Take it easy

Mix and match: (From left) Mixologists Arijit Bose and Vandana Verma with representatives from Unbox festival and doodle artist Kriti Monga at PCO bar, Vasant Kunj, New Delh. Photo: Shanker Chakravarty  

Entry to this ‘secret’ hangout is through a password. To be punched on a phone placed inside a swank cubicle with a glass door, the kind of public phone booths you spot in Bollywood movies shot abroad. The complicated access, you figure out, is in keeping with what the joint is — a speakeasy bar. Entry through this make-believe PCO is a clue to the name of the bar — PCO.

Well, we do what’s needed and a white wooden door slides open, taking us to a landing. It suddenly turns too dark for comfort though. A flight of stairs leads to a cigar lounge. Another flight runs downstairs, to the bar — our port-of-call.

The first thing you notice is that the dim-lit bar is carefully given a careless look. The AC vents are left open, pipes and wires can be seen; some wooden wine casks are placed in a corner. The shelf behind the counter is well-lit, well-stocked. A line of bar stools in black leather waits for guests. So are a few sofa-chairs, placed on one side of the room and some wooden plank tables and picnic benches on the other. The waiters are in grey and white, flaunting suspenders.

PCO, in New Delhi’s Vasant Vihar, is as much a swank copy of the speakeasy bars of the Prohibition era in America as it is a carter of the global trend of the return of such bars to our National Capital. The new-age speakeasy avatars worldwide typically have veiled access — like PCO has — keeping the tradition of the originals which functioned covertly to avoid the law.

In Delhi you can see the model gaining ground pretty fast. Dirty Martini, Cocktails & Dreams, are some more speakeasy bars we have now. On weekends particularly, says mixologist Arijit Bose, PCO is packed. Arijit helps out in training its staff and is often behind the counter on weekends.

It is a weekend when I meet Arijit at PCO. He is preparing for an event, whipping up an alcoholic punch for guests who are to arrive soon. Though I notice that what is happening elsewhere in the room is far more exciting. On a wooden table, there are rows of small glass canisters waiting to be filled. The plank tables are full too. One is laden with a variety of fresh fruits, vegetables, herbs and greens; another has rows and rows of spices, syrups, bitters, and so much else! The last table has mortars and pestles of diverse sizes, spoons, glass tubes, etc.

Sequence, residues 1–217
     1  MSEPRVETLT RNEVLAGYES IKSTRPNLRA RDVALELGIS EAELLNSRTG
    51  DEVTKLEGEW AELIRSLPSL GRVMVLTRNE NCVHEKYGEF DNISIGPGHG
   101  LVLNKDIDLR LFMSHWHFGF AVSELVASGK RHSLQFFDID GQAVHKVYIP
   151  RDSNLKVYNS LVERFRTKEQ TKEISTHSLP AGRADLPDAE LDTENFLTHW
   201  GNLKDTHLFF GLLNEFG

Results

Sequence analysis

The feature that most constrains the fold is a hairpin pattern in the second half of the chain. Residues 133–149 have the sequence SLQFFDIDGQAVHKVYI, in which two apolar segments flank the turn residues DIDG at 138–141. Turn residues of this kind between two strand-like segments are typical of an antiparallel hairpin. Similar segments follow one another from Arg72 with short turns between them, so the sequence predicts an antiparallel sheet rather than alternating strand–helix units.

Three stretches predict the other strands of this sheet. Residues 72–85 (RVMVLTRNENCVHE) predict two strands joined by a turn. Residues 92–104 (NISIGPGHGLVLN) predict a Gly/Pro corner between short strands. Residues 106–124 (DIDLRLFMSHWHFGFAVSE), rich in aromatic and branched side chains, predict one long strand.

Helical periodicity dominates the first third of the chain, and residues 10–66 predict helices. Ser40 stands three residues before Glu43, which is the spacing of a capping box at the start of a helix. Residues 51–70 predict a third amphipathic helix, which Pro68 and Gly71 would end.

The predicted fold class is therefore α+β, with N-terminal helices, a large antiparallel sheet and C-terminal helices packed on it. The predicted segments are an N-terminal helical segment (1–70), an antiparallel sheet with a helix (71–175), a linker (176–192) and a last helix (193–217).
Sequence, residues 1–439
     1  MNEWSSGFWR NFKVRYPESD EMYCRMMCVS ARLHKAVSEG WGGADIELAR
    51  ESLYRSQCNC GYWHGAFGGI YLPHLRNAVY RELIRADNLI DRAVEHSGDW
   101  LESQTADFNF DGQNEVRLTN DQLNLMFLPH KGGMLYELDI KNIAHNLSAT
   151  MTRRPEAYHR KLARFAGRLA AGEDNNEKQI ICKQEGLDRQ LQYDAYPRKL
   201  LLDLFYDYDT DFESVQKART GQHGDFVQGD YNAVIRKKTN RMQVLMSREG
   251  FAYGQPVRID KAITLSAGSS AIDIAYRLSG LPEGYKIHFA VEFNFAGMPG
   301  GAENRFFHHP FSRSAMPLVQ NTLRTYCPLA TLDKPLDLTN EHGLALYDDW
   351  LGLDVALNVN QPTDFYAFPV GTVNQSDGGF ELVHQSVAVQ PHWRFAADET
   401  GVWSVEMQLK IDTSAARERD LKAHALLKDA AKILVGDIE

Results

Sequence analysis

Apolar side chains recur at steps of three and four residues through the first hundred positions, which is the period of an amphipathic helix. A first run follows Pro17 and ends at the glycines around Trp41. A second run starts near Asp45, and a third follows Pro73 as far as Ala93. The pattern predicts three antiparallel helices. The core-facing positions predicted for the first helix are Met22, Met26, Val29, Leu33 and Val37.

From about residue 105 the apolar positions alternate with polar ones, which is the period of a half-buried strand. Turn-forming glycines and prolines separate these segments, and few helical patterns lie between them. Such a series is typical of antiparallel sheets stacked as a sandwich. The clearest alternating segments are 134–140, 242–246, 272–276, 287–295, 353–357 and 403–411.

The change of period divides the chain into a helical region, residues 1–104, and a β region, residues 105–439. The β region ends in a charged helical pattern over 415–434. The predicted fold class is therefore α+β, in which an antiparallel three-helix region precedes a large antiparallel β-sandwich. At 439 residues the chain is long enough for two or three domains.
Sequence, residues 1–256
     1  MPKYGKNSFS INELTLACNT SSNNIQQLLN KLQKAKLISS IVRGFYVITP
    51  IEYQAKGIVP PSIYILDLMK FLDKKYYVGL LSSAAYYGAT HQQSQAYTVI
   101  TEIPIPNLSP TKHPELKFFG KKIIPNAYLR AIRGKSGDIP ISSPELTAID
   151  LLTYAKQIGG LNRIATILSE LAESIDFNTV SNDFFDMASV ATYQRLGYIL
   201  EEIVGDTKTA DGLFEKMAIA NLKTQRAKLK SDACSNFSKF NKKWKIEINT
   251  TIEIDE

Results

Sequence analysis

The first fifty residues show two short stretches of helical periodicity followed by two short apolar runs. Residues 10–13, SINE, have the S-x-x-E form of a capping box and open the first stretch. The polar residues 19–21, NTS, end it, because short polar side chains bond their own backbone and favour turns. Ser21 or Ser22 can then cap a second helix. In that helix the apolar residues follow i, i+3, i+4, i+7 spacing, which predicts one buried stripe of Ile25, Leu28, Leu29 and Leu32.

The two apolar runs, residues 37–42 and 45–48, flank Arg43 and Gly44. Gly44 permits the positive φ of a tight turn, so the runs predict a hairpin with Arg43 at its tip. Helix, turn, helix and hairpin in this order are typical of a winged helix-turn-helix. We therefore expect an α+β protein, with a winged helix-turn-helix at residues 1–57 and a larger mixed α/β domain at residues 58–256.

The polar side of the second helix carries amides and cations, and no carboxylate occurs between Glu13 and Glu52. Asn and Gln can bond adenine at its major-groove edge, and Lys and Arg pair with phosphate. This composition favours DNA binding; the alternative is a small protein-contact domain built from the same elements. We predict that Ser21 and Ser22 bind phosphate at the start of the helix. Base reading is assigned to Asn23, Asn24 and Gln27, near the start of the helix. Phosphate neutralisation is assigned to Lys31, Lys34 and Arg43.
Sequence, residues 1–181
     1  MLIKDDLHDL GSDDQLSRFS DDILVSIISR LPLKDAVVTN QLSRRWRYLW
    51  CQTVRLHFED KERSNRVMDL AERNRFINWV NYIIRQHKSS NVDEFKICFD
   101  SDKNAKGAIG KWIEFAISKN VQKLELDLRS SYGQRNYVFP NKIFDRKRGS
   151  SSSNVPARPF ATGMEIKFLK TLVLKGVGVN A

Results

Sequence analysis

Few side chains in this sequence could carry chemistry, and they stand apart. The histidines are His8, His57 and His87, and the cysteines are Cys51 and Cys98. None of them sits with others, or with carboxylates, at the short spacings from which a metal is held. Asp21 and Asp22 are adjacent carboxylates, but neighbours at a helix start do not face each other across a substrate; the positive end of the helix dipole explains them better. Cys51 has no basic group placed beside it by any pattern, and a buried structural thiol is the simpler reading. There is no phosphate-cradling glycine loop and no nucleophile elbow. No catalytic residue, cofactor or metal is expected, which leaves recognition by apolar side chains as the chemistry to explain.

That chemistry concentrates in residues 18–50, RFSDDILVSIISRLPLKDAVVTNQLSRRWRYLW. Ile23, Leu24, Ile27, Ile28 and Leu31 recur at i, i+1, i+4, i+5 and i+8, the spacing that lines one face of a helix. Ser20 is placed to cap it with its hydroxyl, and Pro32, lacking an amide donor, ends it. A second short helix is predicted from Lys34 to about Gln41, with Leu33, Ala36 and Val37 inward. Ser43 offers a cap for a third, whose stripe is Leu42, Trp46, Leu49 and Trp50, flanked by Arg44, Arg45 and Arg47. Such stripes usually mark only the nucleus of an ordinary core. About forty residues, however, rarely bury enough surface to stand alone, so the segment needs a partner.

Arijit helps me in deciphering the scene. The event is being organised at PCO in collaboration with the vodka brand Absolut by the planners of Unbox, an annual festival that happens in Delhi to celebrate interdisciplinary thought and work. Unbox features a blend of events including a conference, workshops, exhibitions, performances and of course, food and drinks stalls. This year, the four-day festival is closing on February 10. Arijit and fellow mixologist Vandana Verma are to help the invited guests (mostly from the media) create their personalised infusions by blending Absolut vodka with the laid-out ingredients. These infusions will sit at PCO for a week and then be bought by the same guests at Unbox.

Time for me to make my infusion and I seek help from Arijit. Since he loves paan, he chooses a betel leaf and carefully puts it inside a glass canister. A bit of desiccated coconut goes in plus some cardamoms, cloves and fennel seeds— “things usually put in a paan.” Arijit wants to give it “a twist” and adds a spot of sugar syrup, popcorn syrup, a dash of bitters — an important part of the Prohibition era, and three fat cherries. To it he pours about 90 ml Absolut vodka, gives it a solid shake and corks the bottle. My infusion then goes to doodle artist Kriti Monga, who artistically writes all the ingredients on a label.

“Name your drink,” prods Arijit. I fumble, the mind wanders. And then Arijit suggests, “Let’s call it Absolut Barooah.” Kriti quickly scribbles it on a paper, ties to the neck of the bottle and before I know it, it goes to a nearby rack— for all the flavours to draw from each other and generate a concoction that could be my drink at Unbox.

Well, it’s February 9 today and I have not been to the festival yet though I have one more day, to try and take a swig of a potion that I can call my own! About PCO and other speakeasy bars, there is enough time to explore, enjoy and banter about. After all, the trend has just begun.

Our code of editorial values

Related Topics
This article is closed for comments.
Please Email the Editor

Printable version | Oct 21, 2021 5:28:31 PM | https://www.thehindu.com/life-and-style/leisure/take-it-easy/article4393674.ece

Next Story